We're observing Slog silence from now until 11 a.m. while we have an editorial meeting, but look—we made an entire paper's worth of stuff for you! Here's what Jim Givens has to say.

Before you ask, because everyone asks: grand theft auto. I was 19, I was drunk, and I thought it would be a great idea to try to outrun the cops. Okay? I'm not going to blame anyone besides myself. It was a dumb mistake, and I paid the price with five years of my life. That was almost a decade ago. Now I've got a successful small business, a great girlfriend, and a nice condo, and I am, by any metric you choose, an upstanding Seattleite.

And I'm not allowed to vote.

By the time the next presidential election happens, there will be more than six million convicted felons in the United States who don't have the right to vote. It's a backward, moronic system that doesn't allow for forgiveness, which is a necessary characteristic of any civilized nation.

Besides not being allowed to participate in the most basic right provided by the Constitution, the worst thing about being a convicted felon is reading The Stranger's endorsements. Here you have a bunch of bratty d-bags who are handed access to just about every candidate and almost all the organizations behind every initiative. They're the only paper in the city to do endorsements besides the Seattle Times (and don't get me started on the Times or we'll be here forever). But what do we find in their endorsement issue, time after time? A lazy, unprincipled, expletive-stuffed guide that insults the intelligence of its readers and basically slaps me (and all the convicted felons like me) in the face with its willful ignorance.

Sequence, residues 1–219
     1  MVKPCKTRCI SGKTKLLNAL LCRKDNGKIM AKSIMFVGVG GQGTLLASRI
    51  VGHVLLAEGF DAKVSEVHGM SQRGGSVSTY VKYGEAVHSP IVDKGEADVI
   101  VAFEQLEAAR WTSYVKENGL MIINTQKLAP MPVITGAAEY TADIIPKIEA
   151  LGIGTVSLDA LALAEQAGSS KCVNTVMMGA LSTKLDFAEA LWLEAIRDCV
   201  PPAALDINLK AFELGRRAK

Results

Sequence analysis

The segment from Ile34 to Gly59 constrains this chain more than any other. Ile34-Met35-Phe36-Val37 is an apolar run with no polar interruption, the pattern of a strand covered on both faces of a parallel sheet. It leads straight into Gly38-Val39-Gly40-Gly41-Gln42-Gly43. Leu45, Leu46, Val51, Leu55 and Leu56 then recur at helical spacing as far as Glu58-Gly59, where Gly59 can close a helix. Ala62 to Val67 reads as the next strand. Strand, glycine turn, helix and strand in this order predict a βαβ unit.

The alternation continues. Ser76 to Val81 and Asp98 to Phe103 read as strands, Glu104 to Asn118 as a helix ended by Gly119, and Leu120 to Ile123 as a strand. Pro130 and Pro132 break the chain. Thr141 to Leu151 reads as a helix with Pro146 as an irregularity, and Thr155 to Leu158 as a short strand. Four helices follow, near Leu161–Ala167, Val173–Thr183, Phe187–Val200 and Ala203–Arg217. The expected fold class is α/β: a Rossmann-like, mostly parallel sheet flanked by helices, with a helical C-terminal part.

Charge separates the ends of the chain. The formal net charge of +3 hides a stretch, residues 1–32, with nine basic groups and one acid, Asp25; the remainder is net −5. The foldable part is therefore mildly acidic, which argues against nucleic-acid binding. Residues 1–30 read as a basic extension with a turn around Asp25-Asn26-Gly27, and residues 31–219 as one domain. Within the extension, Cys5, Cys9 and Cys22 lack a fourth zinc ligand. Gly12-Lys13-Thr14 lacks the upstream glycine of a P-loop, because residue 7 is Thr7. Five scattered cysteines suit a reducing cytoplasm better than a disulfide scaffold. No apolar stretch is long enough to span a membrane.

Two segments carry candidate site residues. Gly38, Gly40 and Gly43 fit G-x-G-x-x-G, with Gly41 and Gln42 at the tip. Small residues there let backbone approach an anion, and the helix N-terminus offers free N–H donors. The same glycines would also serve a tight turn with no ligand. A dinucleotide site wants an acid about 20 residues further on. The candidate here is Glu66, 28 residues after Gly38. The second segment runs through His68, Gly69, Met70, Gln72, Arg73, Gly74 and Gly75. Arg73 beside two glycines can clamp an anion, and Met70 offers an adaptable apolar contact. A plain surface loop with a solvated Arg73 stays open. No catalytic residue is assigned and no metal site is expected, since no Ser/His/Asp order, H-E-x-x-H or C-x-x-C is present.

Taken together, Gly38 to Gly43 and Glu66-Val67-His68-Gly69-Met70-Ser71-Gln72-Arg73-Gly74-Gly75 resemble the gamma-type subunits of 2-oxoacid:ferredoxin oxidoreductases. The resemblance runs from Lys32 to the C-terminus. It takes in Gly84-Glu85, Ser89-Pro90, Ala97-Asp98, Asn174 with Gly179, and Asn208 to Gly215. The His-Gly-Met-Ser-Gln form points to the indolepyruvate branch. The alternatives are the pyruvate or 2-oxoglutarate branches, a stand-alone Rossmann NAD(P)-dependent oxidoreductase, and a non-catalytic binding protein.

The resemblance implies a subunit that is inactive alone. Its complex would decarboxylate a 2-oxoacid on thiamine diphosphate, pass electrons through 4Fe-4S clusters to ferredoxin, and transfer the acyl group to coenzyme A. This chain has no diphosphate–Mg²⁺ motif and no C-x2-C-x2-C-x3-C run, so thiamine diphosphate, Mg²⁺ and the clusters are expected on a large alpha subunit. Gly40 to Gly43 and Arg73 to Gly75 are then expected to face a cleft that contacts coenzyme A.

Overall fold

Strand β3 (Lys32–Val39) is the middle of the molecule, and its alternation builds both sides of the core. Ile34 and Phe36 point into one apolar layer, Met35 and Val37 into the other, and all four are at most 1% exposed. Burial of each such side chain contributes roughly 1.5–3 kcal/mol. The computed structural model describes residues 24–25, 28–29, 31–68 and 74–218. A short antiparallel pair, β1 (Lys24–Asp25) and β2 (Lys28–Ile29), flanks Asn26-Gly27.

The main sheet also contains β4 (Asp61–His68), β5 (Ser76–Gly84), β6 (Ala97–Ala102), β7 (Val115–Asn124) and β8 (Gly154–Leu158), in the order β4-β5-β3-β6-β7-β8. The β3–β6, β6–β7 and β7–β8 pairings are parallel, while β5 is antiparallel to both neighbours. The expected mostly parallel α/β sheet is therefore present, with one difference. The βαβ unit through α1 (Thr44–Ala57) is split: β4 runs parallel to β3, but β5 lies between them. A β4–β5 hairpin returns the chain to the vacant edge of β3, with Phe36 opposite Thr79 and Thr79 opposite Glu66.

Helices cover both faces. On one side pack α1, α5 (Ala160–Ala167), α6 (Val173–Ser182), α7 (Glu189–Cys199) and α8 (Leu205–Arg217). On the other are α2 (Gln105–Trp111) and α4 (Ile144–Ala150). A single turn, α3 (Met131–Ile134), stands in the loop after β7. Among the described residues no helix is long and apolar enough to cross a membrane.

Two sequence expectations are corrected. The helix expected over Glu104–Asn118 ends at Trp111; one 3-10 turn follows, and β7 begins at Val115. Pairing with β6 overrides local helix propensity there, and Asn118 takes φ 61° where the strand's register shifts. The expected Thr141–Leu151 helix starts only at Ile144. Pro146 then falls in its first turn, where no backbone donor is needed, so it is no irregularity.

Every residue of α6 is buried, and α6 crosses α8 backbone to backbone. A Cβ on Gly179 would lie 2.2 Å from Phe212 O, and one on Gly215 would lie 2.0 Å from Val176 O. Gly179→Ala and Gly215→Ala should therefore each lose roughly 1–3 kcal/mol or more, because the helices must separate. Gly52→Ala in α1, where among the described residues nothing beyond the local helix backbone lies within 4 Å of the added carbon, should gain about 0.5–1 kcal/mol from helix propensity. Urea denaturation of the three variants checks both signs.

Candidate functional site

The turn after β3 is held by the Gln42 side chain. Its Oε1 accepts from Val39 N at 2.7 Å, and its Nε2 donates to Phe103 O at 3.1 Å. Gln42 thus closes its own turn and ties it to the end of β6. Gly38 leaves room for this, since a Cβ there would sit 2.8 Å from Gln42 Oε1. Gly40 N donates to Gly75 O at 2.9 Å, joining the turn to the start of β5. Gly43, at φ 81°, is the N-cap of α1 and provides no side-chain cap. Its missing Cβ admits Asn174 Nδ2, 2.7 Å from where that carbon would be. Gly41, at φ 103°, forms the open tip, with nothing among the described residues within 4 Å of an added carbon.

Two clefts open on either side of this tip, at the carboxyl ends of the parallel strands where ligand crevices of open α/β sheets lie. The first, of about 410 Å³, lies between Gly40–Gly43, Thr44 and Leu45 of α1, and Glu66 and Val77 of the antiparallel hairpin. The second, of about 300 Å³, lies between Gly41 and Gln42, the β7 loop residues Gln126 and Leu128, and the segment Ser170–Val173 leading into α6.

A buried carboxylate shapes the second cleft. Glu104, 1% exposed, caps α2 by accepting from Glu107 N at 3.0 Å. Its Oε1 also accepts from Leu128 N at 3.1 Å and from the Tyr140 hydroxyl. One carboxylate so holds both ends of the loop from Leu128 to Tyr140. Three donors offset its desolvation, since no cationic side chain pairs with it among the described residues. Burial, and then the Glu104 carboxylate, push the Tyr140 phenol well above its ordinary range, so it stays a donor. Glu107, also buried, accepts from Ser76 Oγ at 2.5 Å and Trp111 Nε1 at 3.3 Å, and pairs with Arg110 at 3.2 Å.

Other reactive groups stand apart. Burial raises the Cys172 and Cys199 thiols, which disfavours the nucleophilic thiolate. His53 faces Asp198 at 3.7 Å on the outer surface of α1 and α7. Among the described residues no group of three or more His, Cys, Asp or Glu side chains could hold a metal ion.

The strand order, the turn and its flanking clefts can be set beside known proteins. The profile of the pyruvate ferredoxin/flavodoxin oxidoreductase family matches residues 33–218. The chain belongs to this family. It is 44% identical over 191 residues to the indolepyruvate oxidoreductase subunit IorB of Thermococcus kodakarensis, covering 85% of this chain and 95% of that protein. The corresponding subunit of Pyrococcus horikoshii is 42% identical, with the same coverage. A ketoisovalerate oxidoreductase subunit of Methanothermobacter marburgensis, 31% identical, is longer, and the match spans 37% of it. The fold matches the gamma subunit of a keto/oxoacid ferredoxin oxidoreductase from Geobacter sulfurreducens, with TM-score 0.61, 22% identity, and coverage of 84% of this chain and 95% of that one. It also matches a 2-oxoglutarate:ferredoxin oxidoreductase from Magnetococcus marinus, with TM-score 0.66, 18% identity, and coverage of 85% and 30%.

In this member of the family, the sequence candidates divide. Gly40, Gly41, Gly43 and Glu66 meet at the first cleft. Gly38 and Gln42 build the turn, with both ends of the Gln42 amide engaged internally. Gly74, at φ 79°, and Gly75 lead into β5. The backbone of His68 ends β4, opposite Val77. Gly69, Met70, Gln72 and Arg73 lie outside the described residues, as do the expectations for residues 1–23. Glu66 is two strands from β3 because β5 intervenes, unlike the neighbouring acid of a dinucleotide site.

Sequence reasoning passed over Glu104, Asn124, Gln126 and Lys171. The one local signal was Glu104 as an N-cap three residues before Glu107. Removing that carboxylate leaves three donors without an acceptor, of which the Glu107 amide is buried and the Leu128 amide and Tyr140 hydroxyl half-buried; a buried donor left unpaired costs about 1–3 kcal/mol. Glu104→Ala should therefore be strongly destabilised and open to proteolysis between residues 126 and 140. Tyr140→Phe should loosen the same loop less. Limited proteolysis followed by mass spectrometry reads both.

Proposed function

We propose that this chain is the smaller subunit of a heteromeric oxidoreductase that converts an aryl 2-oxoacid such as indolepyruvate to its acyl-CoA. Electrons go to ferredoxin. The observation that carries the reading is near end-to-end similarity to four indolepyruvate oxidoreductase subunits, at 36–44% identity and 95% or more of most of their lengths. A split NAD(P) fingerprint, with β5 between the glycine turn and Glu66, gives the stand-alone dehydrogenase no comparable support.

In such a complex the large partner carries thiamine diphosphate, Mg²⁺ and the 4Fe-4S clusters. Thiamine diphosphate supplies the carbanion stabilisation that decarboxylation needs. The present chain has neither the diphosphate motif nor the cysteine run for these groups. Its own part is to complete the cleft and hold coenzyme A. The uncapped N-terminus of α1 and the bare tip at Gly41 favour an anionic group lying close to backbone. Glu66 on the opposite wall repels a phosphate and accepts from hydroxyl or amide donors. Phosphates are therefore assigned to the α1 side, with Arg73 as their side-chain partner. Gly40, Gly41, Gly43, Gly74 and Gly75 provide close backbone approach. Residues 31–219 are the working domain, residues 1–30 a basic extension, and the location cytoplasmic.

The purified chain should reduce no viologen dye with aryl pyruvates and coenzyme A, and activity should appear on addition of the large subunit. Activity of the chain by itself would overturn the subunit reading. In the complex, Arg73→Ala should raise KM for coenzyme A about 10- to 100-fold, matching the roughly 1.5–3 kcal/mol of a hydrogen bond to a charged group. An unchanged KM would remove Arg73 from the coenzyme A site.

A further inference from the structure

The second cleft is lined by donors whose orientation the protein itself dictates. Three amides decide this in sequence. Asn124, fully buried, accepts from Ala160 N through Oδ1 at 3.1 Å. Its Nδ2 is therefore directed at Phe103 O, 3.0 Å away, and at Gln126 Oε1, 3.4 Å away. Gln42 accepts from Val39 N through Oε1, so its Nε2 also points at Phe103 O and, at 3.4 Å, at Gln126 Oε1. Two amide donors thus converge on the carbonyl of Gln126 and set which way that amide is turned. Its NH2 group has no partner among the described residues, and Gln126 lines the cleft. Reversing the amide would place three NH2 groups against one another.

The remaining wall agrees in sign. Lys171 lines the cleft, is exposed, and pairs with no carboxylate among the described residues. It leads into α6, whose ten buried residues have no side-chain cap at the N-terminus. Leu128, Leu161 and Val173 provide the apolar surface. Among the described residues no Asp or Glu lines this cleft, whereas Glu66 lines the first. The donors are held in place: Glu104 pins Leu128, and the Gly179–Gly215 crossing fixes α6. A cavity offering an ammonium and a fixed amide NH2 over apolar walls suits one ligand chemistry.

The thing that really bugs me about The Stranger's endorsements is how obvious they are. I mean, of course they're going to endorse Barack Obama and Jay Inslee. Never mind that a Gary Johnson endorsement would probably be more shocking (therefore more Strangeresque) and impactful than an Obama endorsement. If there's a presidential candidate who more closely hews to The Stranger's philosophy (pro-pot, pro-homo, pro-abortion) than Johnson, I haven't heard of him, and a third-party surge would be just the thing to shake the gridlocked partisan hacks in DC out of their slumber.

And Inslee is so safe and inoffensive as to be virtually invisible. Rob McKenna has some problems, of course, but he's a hell of a lot more realistic than Inslee with his made-up bushel of green jobs (seriously, Inslee's green energy future is less tenable than Mitt Romney's magic 12 million jobs he'll just pull out of Paul Ryan's baby-soft ass). And what we need now is a pragmatist in the governor's office.

Once The Stranger toes the party line, they go for shock value. You have to endorse the mediocre talents at the top of the ticket so you can make some noise in the under-cards, like how they're throwing a competent journeyman like Frank Chopp under the bus so they can promote a socialist like Kshama Sawant. Gotta be "edgy," no matter what—right, Stranger? Hey, you know what's edgier than endorsing a nobody candidate in a race with no consequences? Demanding that convicted felons be allowed the right to vote. Or, to put it in language that you'll understand, Stranger: Fuck you, you fucking fucks.